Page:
WINK News joined a group of Southwest Florida veterans for a trip of a lifetime. The veterans spent Saturday in Washington, DC, seeing the memorials that honor their dedication to our country.
The day started dark and early as the veterans boarded a two-hour flight to Washington DC. The 85 veterans visited the memorials specifically made to honor their service.
When the veterans got off the plane, waiting for them was a hero’s welcome; American flags, applause and hundreds of handshakes.
World War II, Korean War, Vietnam War, and Cold War veterans soaked it all in.
There were smiles, of course, tears too. The emotion of this moment is a signal to us all about what the rest of this trip would be like.
A bus took everyone to the World War II memorial. 96-year-old Robert Bashaw served in the Navy and was at Normandy on D-Day in 1944 and was one of only four World War II veterans to make this honor flight.
“My father was in the Navy. World War I. He was a survivor. His ship was blown up by the Germans, and there were only two survivors. He and one of the officers. And he always said if you have to go into service, go in the Navy,” said Bashaw.
Bashaw said he followed his dad’s advice. “When I went in, I was 17. And my father passed away.” On his father’s deathbed, he asked his son to take care of his mother and four brothers and sisters.
Bashaw sent most of his Navy pay to his mom, though he kept enough cash for cigarettes and toothpaste.
At the memorial, his grandson surprised him.
“He was very surprised. It was good,” said Kevin Bashaw, Robert’s grandson.
It was truly life-changing to watch Bashaw see the memorial made to honor his bravery for the first time. WINK News asked what it meant to him. He simply said, “It’s beautiful.”
WINK News also followed along with Joan Farrelly, who served in the Army for 23 years during the Cold War era.
The tour of the memorials started with a salute to those who fought in World War II. It then moved to Arlington National Cemetery. A reminder of the countless men and women who served our nation in uniform.
The veterans visited the Tomb of the Unknown Soldier and witnessed the changing of the guard. That is how the 85 veterans started their day in DC.
On the bus to the Air Force memorial, WINK News met Tom Culleton, a Vietnam War Navy veteran. He told the story of how his wife signed him up for the Honor Flight shortly before she died.
“I lost her in January at 57 years,” said Culleton.
Culleton said he felt blessed to be on the trip. He called his guardian, the person escorting him on the trip around Washington, his guardian angel, and said he knew his wife was smiling down on him.
“I know she’s watching. She’s just taking it in. She is. I know she is,” said Culleton.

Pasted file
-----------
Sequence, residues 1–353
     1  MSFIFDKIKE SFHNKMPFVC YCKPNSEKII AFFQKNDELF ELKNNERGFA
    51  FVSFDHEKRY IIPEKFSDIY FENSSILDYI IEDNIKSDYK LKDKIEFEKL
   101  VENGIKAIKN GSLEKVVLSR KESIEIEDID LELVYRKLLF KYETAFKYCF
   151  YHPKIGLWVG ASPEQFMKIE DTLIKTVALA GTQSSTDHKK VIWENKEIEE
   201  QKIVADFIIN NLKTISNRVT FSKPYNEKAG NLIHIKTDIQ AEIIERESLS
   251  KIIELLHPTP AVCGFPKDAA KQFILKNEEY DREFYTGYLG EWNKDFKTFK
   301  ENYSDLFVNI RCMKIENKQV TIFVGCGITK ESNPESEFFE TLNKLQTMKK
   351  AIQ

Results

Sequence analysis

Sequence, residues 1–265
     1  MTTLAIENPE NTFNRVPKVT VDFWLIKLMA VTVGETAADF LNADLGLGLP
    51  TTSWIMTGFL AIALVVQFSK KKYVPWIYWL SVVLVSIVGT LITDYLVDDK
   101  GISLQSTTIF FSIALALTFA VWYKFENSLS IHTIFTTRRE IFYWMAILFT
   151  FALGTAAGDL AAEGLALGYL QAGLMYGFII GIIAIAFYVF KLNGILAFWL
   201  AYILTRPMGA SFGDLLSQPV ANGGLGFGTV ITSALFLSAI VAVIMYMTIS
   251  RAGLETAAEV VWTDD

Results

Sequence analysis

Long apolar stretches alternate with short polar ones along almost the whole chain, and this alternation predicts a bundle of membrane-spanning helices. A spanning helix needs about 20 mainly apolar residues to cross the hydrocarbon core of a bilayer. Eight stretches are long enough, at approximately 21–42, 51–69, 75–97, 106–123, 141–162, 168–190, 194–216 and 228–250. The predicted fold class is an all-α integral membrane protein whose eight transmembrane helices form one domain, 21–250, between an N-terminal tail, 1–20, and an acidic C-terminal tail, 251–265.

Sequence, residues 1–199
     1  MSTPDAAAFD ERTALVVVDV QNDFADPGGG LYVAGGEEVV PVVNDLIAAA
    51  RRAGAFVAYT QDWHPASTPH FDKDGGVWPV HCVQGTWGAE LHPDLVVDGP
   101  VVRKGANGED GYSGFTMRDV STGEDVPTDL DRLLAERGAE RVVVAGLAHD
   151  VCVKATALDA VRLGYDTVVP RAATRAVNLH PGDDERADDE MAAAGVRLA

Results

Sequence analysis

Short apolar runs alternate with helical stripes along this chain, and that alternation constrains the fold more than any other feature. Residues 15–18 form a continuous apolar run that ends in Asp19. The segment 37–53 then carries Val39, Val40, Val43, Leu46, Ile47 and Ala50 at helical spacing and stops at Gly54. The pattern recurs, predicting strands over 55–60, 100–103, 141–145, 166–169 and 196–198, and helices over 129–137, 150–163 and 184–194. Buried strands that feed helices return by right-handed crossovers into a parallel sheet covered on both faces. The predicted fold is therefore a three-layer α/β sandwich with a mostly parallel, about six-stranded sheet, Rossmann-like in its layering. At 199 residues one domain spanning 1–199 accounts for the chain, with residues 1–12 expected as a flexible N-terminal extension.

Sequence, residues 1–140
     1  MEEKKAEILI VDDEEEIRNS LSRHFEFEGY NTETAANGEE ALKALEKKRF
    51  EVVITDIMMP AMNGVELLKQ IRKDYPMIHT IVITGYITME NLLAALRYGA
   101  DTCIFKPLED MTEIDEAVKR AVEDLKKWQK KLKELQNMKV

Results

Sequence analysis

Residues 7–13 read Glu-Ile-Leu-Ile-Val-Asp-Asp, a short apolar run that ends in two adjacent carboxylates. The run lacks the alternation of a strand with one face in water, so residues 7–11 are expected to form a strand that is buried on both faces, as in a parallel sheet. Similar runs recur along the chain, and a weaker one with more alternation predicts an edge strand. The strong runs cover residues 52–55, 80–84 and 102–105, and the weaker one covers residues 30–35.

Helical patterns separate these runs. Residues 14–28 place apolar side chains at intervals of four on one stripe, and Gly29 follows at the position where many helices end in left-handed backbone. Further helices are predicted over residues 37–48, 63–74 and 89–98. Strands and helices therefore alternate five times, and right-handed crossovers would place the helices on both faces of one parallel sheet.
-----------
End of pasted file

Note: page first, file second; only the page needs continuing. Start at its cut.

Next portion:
WINK News Reporter Emma Heaton served as a guardian for Joan Farrelly. In the ’50s, women did not serve in combat. Farrelly worked her way up to a platoon leader, where she trained other women on how to help the war effort in different ways.
This is the original photo taken on February 23rd, 1945, by an Associated Press photographer.
The photo shows six marines planting the US flag during the battle of Iwo Jima.
The veterans visited the statue that memorialized that moment.
“It just almost makes me want to cry because it looks so real. And so what they went through to get that flag risen is unbelievable,” said Farrelly.
In front of the statue, multiple Marine Corps veterans get their Vietnam War pins.
“They should have gotten recognition forever,” said Farrelly.
The Vietnam War bitterly divided the American people, and many of our troops were not welcomed home.
The last stops on an emotional day were the Lincoln Memorial, Vietnam Wall and Korean memorial, where Farrelly got a pin of her own.
“On your call, Sergeant First-Class Joan C. Farrelly, US Army, serving from 1956 to 1979. This pin is being placed above your heart as a token of America’s appreciation for your service,” said the volunteer who awarded her the pin.
As WINK News walked with Farrelly after receiving her pin of honor, we came across the first memorial that depicted a woman veteran and asked Farrelly what she felt about it.
“Well, I mean, you definitely know, they’re nurses and, and trying to save a soldier from dying. And, you know, they lost just as much of their own field as the men did,” said Farrelly.
There was so much love on the Honor Flight trip. At one stop, every veteran on the bus got a kiss on the cheek from two guardians at the bottom of the steps.
Farrelly couldn’t walk more than a few steps without someone walking up, shaking her hand, and saying, “Thank you for your service.”
Farrelly said it was the best day of her life.
When the veterans returned to Southwest Florida, they were met with a hero’s welcome once again. You can see photos from that welcome home celebration in the gallery below.